Now is the time. Early fall is when the pleasures peak in Talbot and Dorchester counties. That's when these Eastern Shore towns stop being detours along the way to the shore and turn into full-fledged destinations.
There are practical advantages to visiting St. Michaels, Easton and Cambridge after Labor Day. Hotel rates plunge, beach traffic is a nonissue and the kids are, as they say, back in school. There are even a few reasons to put off an Eastern Shore trip as late into fall as you can. Migrating wildfowl begin to arrive here in late October. and by mid-November, they're usually making a spectacle out of themselves.
Located just a few miles from downtown Cambridge, the Blackwater National Wildlife Refuge is one of Maryland's great natural resources. Home to one-third of state's wetlands, the "Everglades of the North" in fall is a prime gathering spot for ducks, geese and tundra swans from northwestern Canada.
You'll lose nothing by waiting until fall for an Eastern Shore getaway. Boating is still a pleasure, and unlike beach towns, there's very little in the way of seasonal shutdown.
Resort hotels like the Inn at Perry Cabin, the Oxford Inn and, more recently, the Hyatt Regency Chesapeake Bay, have made Dorchester and Talbot counties into destinations for serious dining. What's relatively new to the Eastern Shore dining scene are the moderately priced contemporary restaurants in Easton, Cambridge and St. Michaels that are as popular with the home crowd as they are with visitors.
There are also those hard-to-find locals-only joints where watermen still gather. Even those are sprucing up. You'll find one of the best craft beer selections east of the Bay Bridge right on Route 50 in Cambridge. You've probably driven by it a hundred times.
Here are several days' worth of Choptank-centric eating and drinking.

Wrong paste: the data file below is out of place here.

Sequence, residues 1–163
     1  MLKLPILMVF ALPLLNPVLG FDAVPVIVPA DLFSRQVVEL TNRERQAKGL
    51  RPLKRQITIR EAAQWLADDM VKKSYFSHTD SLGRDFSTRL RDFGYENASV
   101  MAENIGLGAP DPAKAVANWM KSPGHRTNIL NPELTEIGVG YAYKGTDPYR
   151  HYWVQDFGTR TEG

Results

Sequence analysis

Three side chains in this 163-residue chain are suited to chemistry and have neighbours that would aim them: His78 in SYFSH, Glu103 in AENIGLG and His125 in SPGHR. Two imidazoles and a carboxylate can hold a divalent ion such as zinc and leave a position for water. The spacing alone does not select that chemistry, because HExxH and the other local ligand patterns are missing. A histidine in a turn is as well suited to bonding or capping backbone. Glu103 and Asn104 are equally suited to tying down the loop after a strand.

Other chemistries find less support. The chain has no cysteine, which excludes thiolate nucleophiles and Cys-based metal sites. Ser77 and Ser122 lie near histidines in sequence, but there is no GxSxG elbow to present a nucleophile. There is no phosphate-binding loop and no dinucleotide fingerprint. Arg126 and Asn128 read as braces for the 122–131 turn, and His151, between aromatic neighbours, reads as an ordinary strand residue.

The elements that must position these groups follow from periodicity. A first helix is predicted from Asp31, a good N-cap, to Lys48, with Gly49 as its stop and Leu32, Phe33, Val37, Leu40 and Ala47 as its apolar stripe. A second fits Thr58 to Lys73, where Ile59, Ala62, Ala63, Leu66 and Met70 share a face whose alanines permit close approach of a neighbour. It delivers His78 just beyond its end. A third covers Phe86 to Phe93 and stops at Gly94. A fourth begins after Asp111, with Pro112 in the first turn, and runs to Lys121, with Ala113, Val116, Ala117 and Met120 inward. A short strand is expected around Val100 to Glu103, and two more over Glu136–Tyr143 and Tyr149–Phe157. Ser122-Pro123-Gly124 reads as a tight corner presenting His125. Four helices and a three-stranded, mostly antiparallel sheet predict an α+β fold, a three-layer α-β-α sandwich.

Mason's serves lunch and dinner, but it has firmly established itself as the lunch spot in town. Ask anyone you see in Easton how to find Mason's and they'll tell you: "Just look for the yellow building." Actually, Mason's is two buildings.
Not long after opening the original Mason's in a Victorian mansion on Harrison Street, Mary Mason added homemade chocolates to her gift store's inventory. Then came a full-scale lunch operation, which became an Easton favorite. And by 2000, Mason and her son, Matthew, renovated the original building and annexed the one next door. Now, Mason's is a full-scale chocolatier, caterer and restaurant.
Mason's reminded me of Baltimore's bygone Washington Place Grill, where people had time to linger over salad tuna nicoise, quiche and iced tea. And Mason's has something extra: a dining porch that wraps around two sides of the building and an adjacent dining courtyard. When the weather turns rough, Easton residents head inside for one of Mason's six handsomely appointed dining rooms. The only downside to that — their dogs can't come along.
Mason's lunch menu includes 20 hot and cold sandwiches, salads, homemade soups and daily specials. Fresh and generously portioned shrimp salad is served on a buttery croissant. (Remember croissants?) The terrific quiche is not the dainty bite of yesteryear but a sumptuous deep-dish meal, served with a salad of mixed greens, marinated mushrooms and balsamic vinaigrette. For really big appetites, there might be a steak frites, served with either green beans or fries with maitre d'hotel butter.
22 S. Harrison St., Easton, 410-822-3204, masonsgourmet.com